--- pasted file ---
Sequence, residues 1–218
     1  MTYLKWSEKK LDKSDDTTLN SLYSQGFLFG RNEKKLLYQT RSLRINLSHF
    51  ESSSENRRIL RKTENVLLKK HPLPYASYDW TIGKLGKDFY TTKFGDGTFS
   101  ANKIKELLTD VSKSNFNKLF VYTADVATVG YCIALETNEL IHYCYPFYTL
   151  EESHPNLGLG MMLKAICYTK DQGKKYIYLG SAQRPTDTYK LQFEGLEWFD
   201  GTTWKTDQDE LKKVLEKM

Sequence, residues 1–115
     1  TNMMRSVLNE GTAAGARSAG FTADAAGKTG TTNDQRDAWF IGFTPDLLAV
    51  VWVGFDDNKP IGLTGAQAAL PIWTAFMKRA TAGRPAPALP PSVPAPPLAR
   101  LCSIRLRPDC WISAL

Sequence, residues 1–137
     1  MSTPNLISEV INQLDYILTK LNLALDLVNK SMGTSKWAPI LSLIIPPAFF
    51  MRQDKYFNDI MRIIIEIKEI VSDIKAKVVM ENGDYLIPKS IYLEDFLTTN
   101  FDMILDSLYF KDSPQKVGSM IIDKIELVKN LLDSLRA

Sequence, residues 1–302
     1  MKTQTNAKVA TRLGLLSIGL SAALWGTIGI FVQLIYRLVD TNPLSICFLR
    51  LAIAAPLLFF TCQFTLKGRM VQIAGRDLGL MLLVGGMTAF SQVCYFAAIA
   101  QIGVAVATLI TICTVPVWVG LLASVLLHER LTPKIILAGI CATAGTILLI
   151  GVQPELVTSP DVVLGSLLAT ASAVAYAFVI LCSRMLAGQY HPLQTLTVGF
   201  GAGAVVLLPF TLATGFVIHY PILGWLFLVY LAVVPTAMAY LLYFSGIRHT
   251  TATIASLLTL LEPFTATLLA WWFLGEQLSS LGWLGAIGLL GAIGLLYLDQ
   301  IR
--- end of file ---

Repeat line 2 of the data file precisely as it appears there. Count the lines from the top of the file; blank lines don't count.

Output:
     1  MTYLKWSEKK LDKSDDTTLN SLYSQGFLFG RNEKKLLYQT RSLRINLSHF